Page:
El Señor de la Conquista


 Deposed, your feet can be seen,

soles leather-calloused like ours

that have never seen sandals.


Could you walk the hot sand earth

with large nail holes in each foot,

blood caking dust to red adobe?


Up there then we must believe

you hurt not for but like us,

lynched as one among many,


unnamed, unnumbered, unknown.

What the black robes said and say

we hear but do not believe:


that dying you made us well

forever. No: like the young

 deer with broken legs eaten


to death by coyotes and crows,

you, we were conquered, beaten

by men of more power than


our gods gave us, despite sun-

glint obsidian knives whose

priest-cuts kept the heart alive.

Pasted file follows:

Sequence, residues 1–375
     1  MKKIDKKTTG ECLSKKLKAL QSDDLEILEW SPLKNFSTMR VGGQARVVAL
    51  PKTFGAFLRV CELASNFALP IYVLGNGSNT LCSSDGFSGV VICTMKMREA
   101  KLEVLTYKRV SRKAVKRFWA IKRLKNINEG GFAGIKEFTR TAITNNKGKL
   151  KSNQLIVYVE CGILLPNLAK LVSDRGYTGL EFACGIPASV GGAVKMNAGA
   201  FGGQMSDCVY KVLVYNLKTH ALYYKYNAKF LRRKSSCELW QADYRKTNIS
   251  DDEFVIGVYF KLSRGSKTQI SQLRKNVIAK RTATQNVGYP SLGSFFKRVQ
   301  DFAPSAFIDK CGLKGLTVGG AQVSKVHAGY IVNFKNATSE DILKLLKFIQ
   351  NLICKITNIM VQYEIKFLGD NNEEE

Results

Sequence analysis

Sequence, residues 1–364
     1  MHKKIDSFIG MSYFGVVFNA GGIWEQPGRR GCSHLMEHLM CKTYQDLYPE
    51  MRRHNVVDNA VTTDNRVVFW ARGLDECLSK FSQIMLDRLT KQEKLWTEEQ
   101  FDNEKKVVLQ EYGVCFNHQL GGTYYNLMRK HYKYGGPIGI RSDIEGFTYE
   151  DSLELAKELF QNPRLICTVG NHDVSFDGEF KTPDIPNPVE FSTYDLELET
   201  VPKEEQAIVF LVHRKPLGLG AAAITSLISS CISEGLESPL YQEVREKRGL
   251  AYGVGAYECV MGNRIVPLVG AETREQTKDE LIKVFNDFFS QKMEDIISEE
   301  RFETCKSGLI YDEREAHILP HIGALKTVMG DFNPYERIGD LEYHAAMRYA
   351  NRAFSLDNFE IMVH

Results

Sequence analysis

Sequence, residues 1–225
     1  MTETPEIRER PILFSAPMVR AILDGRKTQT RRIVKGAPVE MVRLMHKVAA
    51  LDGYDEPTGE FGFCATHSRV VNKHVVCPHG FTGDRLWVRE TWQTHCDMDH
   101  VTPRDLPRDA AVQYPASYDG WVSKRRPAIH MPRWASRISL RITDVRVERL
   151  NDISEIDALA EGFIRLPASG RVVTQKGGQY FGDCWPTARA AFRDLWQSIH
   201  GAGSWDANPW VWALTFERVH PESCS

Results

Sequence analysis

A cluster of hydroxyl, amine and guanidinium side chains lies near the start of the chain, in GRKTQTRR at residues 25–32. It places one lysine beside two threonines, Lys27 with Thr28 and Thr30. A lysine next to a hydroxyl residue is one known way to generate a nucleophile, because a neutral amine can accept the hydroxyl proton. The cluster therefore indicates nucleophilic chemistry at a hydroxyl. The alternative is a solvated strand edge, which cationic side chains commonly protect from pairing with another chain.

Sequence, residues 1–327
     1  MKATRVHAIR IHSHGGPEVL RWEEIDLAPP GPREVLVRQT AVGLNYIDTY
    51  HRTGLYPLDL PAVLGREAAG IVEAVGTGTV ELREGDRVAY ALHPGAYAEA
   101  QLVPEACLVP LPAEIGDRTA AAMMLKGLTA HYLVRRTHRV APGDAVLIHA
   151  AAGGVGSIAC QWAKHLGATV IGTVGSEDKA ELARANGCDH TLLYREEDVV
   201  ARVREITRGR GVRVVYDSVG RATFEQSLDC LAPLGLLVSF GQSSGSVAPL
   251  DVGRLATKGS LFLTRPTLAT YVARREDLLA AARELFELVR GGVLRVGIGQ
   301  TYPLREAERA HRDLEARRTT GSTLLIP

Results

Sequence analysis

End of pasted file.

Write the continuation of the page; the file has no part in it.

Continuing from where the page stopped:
Taller men now rule and drain

our blood that  once flowed freely

from the altars, down the steep


stairs of the great pyramid,

into a single silver cup.

Se–or, as bitter to drink


one's own blood as the sour wine

they gave to you in a sponge.

Sweating blood ourselves, we know


your thirst. We have turned our gifts

back to making idols: you

and your mother are the best,


hung in every pueblo church.

She weeps, you bleed, apart. So

we believe. But take this not


for worship. It is pity.

You abide with us, not we

in you. For truth, pain instead:

 all of us have long been dead.